Poverty

Stop Conflating Inequality With Poverty

By  Bryan Cheang

The problem of inequality has often been considered to be one of the biggest social problems of our generation.

Widespread concern about the great disparities of income and wealth have fueled anti-globalization sentiments all around the world, and threaten to undermine the advances in trade, investment, and immigration we have seen.

One key problem is that contemporary discussions of inequality have often conflated it with poverty. Not only are inequality and poverty conceptually distinct, a failure to distinguish between them can lead to problematic policy conclusions. Additionally, when market advocates criticize redistributive policies and government welfare programs, they are seen as anti-poor. Thus, separating these two concepts can help market advocates regain the moral high ground in this debate.

Conflating Inequality and Poverty

It is generally assumed that inequality implies poverty, i.e. the rich people are prospering, so poor people must be suffering. This conflation is very subtle and is best seen through the presentation of inequality in the widely-used high school economics textbook Economics (7th ed) by John Sloman (2009). According to Sloman (2009, p. 276):

Inequality is one of the most contentious issues in the world of economics and politics. Some people have incomes far in excess of what they need to enjoy a luxurious lifestyle, while others struggle to purchase even the basic necessities. The need for redistribution from rich to poor is broadly accepted across the political spectrum. Thus the government taxes the rich more than the poor and then transfers some of the proceeds to the poor, either as cash benefits or in kind.”

The chapter seeks to explain the phenomenon of inequality but, almost imperceptibly within this opening paragraph, implicitly suggests that under such unequal situations, there are poor people who “struggle to purchase even the basic necessities.” In fact, this is not necessarily the case.

Inequality in relation to income simply means the existence of a gap between those who earn the most and those who earn the least. The mere existence of an income gap, even if it’s widening, says nothing about the actual income levels of those who do earn the least. In other words, an income gap does not necessarily mean that those at the lowest income brackets are poor. Just because Bill Gates is loaded with greenbacks and is many times richer than I am does not, by itself, suggest that I am “poor” in an absolute sense.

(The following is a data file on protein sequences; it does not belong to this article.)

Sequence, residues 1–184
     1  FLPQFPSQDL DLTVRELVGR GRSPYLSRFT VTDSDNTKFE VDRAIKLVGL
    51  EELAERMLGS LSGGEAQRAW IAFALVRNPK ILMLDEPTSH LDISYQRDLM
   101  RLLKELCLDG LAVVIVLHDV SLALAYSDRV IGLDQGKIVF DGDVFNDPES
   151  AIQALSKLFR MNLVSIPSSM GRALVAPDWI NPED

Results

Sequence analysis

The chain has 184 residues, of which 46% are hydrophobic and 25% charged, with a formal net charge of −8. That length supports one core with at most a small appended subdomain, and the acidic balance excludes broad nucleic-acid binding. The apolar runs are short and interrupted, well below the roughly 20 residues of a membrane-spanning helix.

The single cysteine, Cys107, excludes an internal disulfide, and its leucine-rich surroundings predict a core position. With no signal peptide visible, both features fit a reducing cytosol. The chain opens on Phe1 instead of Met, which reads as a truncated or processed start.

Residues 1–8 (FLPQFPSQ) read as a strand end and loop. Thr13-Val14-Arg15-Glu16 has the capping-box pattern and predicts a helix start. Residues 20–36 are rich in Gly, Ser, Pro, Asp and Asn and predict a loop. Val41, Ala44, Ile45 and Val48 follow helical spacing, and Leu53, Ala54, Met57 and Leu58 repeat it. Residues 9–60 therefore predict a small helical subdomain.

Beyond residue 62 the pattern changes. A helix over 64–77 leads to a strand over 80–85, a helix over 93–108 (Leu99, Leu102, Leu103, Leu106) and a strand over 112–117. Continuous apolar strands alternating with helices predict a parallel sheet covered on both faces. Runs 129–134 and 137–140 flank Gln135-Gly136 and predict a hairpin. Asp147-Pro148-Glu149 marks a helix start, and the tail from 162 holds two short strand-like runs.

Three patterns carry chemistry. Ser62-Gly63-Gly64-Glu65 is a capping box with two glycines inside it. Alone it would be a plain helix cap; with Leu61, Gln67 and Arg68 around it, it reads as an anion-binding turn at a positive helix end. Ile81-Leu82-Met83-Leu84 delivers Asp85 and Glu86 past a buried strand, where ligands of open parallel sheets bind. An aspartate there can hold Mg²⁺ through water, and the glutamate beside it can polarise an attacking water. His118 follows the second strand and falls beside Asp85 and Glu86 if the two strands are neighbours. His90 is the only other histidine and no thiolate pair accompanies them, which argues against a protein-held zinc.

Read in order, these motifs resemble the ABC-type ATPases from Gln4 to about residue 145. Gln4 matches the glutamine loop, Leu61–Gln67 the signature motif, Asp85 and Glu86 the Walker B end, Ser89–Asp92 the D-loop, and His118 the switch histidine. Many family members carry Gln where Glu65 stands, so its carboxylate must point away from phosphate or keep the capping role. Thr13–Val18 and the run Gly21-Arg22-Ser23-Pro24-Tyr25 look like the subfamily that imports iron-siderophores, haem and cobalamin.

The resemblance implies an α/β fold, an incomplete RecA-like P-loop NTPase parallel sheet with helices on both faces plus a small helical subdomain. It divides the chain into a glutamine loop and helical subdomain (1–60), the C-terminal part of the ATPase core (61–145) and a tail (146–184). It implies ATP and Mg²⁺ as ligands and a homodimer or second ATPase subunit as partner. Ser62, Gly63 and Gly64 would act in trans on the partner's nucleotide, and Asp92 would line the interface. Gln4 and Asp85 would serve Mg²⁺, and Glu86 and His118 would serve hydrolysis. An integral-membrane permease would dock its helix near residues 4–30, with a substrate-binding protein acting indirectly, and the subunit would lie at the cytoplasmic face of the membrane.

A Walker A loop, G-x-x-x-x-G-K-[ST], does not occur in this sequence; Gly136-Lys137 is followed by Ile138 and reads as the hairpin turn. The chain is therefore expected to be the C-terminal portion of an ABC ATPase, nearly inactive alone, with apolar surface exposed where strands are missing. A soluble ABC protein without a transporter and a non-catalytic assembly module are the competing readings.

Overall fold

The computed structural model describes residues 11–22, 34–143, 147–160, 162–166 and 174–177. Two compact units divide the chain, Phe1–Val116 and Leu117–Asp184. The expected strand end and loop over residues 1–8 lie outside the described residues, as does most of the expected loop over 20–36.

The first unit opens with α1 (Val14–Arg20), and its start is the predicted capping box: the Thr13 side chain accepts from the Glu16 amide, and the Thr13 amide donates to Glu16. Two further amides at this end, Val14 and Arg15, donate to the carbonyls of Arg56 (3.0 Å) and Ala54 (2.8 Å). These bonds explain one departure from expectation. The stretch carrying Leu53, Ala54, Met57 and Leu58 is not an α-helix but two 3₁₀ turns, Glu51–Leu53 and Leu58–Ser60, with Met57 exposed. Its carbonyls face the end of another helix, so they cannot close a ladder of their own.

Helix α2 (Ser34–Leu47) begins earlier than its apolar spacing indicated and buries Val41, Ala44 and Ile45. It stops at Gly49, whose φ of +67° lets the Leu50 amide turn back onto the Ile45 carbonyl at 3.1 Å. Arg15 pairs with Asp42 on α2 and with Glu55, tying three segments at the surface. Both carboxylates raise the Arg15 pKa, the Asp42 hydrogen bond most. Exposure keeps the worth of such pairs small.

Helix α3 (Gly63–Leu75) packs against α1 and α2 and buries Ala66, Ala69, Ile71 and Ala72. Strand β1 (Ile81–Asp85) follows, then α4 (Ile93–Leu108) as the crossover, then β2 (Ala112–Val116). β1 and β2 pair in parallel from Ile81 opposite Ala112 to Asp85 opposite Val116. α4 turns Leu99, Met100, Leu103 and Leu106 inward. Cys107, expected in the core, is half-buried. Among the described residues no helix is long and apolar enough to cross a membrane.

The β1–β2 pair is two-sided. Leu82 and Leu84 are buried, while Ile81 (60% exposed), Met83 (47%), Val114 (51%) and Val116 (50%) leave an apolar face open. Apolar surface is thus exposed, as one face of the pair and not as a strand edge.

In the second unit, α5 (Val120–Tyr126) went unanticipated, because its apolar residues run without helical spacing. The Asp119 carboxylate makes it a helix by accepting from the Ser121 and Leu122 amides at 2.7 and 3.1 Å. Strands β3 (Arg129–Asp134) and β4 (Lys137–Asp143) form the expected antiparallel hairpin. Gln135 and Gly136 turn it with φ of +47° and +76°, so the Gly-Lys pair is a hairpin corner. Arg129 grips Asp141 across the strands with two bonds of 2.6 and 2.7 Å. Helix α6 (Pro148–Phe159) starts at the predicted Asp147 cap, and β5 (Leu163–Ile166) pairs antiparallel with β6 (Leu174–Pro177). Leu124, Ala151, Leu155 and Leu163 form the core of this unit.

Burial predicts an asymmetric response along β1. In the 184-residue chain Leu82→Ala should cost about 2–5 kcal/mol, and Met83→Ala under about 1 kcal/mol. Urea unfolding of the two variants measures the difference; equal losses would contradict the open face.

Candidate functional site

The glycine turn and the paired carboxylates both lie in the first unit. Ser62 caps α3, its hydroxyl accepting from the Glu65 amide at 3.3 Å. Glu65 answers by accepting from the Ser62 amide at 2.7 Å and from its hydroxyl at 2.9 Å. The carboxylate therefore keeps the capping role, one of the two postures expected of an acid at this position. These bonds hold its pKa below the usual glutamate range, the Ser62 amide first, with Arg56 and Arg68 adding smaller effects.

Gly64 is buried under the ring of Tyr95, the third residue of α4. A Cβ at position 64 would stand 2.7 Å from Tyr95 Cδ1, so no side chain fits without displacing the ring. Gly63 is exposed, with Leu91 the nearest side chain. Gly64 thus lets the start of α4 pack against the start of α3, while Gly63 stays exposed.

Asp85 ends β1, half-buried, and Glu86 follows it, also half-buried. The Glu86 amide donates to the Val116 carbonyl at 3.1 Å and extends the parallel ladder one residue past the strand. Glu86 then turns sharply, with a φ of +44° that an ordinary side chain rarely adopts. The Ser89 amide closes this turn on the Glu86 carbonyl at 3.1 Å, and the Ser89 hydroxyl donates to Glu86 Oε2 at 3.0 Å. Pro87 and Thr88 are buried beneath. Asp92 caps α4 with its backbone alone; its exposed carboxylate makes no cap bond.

It is clear that a society with a very uneven distribution of income can still be one with high levels of absolute prosperity, in such a way that even those who earn the least (relatively) have enough to survive – comfortably.

Implications of the Conflation

Not only is it possible that the least well-off in unequal societies have enough to survive, it is actually likely for them to be much better off in unequal societies than in more equal ones.

Assuming the absence of crony capitalism, income inequality is a corollary of a free, dynamic, and growing economy that increases prosperity for all.

Attempts to close inequality through standard welfare-state policies such as redistributive taxes, subsidies, minimum wage laws, price controls, and the public provision of “free social goods” like health care can, and often have, slowed down economic growth. Thus impacting the generation of wealth that the least-well-off depend on.

If poor people were truly at the centre of our attention, we should endorse inequality.

Put another way, policy attempts to fight inequality retard economic growth, slow down poverty reduction at best, and exacerbate poverty at worst.

Aside from the economic costs of state-centric welfare programs, there are less quantifiable human costs as well. Generous welfare programs often trap individuals in a state of dependency on the government, which not only disincentivizes them from working but robs them of the dignity and sense of achievement that comes from earning their own income and being independent and self-sufficient.